The discovery of mysterious rocks on the brightest large asteroid in the solar system, Vesta, deepens the mystery surrounding the huge object's origins, researchers say.
Vesta is the second-largest asteroid in the solar system. The 330-mile-wide (530-kilometer) protoplanet is also the brightest large asteroid, with a surface about three times more luminous than Earth's moon.
The vast size of Vesta helped it hold onto its heat during its birth, enabling lighter molten rock to float outward while denser rock sank inward. As such, Vesta developed an onion-like structure like Earth's, differentiated into an outer crust, a central core and a mantle layer between the two. [Photos of Asteroid Vesta by NASA's Dawn Probe]
Cosmic impacts regularly blast rocks off Vesta. A class of meteorites known as diogenites are thought to come from Vesta's mantle or lower crust, and sometimes possess substantial amounts of a green mineral known as olivine, a major ingredient of Earth's upper mantle. As such, investigators expected to find olivine in places on Vesta where large impacts unearthed deeply buried rocks.
Now scientists have spotted olivine on Vesta, but not where it was expected it to be. Instead of discovering olivine in Vesta's deep southern craters, they surprisingly found it near shallower northern craters, mixed with the most common type of rock found on Vesta's surface. This suggests olivine might exist within Vesta's crust instead of deeper within its mantle.
Researchers analyzed data from NASA's Dawn spacecraft, which became the first probe to visit Vesta when it orbited the protoplanet in 2011 and 2012.
"We were searching for olivine since the beginning of Dawn's orbital phase, because we know how important olivine is to understanding the differentiation processes of early bodies of the solar system," said study author Maria Cristina De Sanctis, a planetary scientist at the Institute for Astrophysics and Space Planetology in Rome.
Unexpectedly, the investigators did not detect olivine in any of Vesta's deep southern basins, such as the crater Rheasilvia, which is about 12 miles (19 kilometers) deep, and Veneneia, which is about 7.5 miles (12 km) deep. Instead, Dawn found rocks made of 50 to 80 percent olivine in patches hundreds of feet large in the areas surrounding two smaller northern craters — Arruntia, which is about 1.2 miles (2 km) deep, and Bellicia, which is about 4 miles (6.6 km) deep.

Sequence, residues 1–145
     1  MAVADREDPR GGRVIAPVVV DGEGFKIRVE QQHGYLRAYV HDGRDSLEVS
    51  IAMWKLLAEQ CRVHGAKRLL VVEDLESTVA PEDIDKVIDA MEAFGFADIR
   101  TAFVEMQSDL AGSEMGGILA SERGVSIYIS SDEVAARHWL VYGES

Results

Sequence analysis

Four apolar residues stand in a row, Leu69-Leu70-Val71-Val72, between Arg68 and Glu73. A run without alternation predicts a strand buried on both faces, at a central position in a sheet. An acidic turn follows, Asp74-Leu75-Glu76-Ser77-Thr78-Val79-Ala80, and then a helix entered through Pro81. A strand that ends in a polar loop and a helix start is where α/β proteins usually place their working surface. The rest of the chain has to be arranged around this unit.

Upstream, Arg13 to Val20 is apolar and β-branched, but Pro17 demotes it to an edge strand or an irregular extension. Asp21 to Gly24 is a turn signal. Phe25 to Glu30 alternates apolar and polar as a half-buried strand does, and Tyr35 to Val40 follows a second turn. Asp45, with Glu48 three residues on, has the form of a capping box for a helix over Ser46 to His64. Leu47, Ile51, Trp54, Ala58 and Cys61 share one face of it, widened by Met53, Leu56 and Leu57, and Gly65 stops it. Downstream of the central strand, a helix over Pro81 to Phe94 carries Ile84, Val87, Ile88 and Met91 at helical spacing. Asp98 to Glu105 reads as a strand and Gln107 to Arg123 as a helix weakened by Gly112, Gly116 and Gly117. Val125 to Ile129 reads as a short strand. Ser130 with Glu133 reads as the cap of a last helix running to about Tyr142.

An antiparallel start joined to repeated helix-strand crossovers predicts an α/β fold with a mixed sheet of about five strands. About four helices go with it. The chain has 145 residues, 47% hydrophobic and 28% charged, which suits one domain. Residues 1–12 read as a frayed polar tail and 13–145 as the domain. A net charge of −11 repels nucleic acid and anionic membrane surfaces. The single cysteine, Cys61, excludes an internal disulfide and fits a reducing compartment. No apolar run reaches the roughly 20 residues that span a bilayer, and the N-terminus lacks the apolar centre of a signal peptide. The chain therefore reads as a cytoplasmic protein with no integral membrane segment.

The researchers do not think the impacts that created Arruntia and Bellicia directly excavated this olivine from its origins within Vesta. Rather, they suspect this olivine was dug up by impacts creating earlier, larger craters nearby and then excavated again by the collisions that created Arruntia and Bellicia. Still, this olivine was apparently mixed with a rock type known as howardite, the most common surface material on Vesta, suggesting it might indeed be a component of the asteroid's crust.
Olivine might be present in the matter surrounding the deep southern craters as well. However, olivine is very difficult to detect in the presence of pyroxenes, which are common on Vesta. Olivine could make up 25 to 30 percent of the rocks surrounding the deep southern craters and still get obscured there by pyroxenes, researchers say.
These findings challenge how scientists currently think Vesta formed. There are two main models for the evolution of Vesta. One involves the asteroid being covered with an ocean of magma that eventually cooled down to form a core, mantle and crust, with large amounts of olivine located in the mantle very deep below the crust. The other posits that Vesta formed with pockets of magma slowly crystallizing beneath the surface to form bodies of rock called plutons, with olivine located at the base of or within Vesta's crust.
"Some evidence favors the magma-ocean model, like the large area of the olivine patch, while some other evidence, such as the higher depths, favor the pluton models," De Sanctis said. "The evidence that we have is difficult to reconcile in only one standard model for Vesta formation."
Instead, new models of Vesta's formation may be hybrids of the current standard models.
"Our work tells us that Vesta's evolution was complex, more complex than was expected before Dawn," De Sanctis told SPACE.com. "This does not mean that we do not know anything about its evolution, but only that we need to develop more complex models for Vesta."
The scientists detailed their findings online Nov. 6 in the journal Nature.
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Charles Q. Choi is a contributing writer for Space.com and Live Science. He covers all things human origins and astronomy as well as physics, animals and general science topics. Charles has a Master of Arts degree from the University of Missouri-Columbia, School of Journalism and a Bachelor of Arts degree from the University of South Florida. Charles has visited every continent on Earth, drinking rancid yak butter tea in Lhasa, snorkeling with sea lions in the Galapagos and even climbing an iceberg in Antarctica. Visit him at http://www.sciwriter.us